Directions: Each Data Sufficiency problem con...
Directions: Each Data Sufficiency problem consists of a question and two statements labeled (1) and (2), that provide data. Based on the data given plus your knowledge of mathematics and everyday facts, you must decide whether the data are sufficient for answering the question. The five answer choices are the same for every data sufficiency question.
A certain voting bloc has how many voters?
(1) If no additional voters are added to the bloc, and 4 of the current voters leave the bloc, there will be fewer than 20 voters.
(2) If 4 more voters join the bloc and all of the present voters remain, there will be at least 27 voters.
• a)
Statement (1) ALONE is sufficient, but statement (2) alone is not sufficient to answer the question asked;
• b)
Statement (2) ALONE is sufficient, but statement (1) alone is not sufficient to answer the question asked;
• c)
BOTH statements (1) and (2) TOGETHER are sufficient to answer the question asked,but NEITHER statement ALONE is sufficient;
• d)
• e)
Statements (1) and (2) TOGETHER are NOT sufficient to answer the question asked, and additional data are needed.
Directions: Each Data Sufficiency problem consists of a question and t...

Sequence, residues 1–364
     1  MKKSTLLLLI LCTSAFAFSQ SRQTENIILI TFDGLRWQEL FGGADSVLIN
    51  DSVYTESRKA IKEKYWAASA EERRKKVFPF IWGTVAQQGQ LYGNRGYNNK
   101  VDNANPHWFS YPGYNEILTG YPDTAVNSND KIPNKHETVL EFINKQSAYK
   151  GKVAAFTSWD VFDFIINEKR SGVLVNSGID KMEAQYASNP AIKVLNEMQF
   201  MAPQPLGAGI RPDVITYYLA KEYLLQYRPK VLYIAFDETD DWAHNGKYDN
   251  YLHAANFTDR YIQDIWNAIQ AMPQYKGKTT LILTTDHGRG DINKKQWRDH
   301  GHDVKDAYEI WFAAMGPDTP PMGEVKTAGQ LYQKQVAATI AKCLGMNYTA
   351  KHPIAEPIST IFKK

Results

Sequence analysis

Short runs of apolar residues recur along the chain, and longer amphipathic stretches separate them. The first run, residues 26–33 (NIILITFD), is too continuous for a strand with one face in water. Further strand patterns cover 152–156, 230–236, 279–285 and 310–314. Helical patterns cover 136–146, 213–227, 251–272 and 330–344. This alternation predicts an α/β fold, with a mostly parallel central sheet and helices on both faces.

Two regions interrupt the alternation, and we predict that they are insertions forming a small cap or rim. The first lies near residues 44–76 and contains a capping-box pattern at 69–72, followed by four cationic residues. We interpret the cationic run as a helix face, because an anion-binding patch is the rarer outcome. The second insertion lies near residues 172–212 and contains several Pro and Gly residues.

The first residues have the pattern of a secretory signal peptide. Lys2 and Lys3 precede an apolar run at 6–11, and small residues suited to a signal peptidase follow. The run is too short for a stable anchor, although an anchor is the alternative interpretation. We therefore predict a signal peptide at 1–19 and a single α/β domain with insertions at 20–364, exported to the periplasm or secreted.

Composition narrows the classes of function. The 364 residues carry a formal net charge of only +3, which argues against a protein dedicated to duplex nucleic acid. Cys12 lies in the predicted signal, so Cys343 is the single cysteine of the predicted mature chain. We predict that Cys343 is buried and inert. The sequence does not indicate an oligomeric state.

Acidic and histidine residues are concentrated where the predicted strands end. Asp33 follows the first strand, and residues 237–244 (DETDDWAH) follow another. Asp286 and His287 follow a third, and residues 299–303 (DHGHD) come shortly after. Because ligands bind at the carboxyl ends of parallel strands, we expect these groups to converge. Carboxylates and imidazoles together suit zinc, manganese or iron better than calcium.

The correct response is (C).
(1) If no additional voters are added to the bloc, and 4 of the current voters leave the bloc, there will be fewer than 20 voters.
We can translate the given information into an inequality: x – 4 < 20, where “x” is the number of current voters. We know x < 24, but we cannot determine an exact value for x.
(2) If 4 more voters join the bloc and all of the present voters remain, there will be at least 27 voters.
We can translate the given information into an inequality: x + 4 ≥ 27. “At least” means there could be 27 OR more than 27 in the bloc. This inequality simplifies to x ≥ 23. We do not know the exact value of x based on this inequality.
Combining both statements we know 23 ≤ x < 24. If x must be less than 24, but greater or equal to 23, the only number that satisfies both conditions is 23.
If you chose (D), keep in mind that each statement alone only allows us to limit the range of possible values for “x,” but not find the actual numerical value. For a “value” DS question, if more than one number is possible, the statement cannot be sufficient.
If you chose (E), you may not have realized that we could have expressed the information in the statements as inequalities. Both statements combined then allow us to limit the range of possible values to one, so combined they are sufficient.
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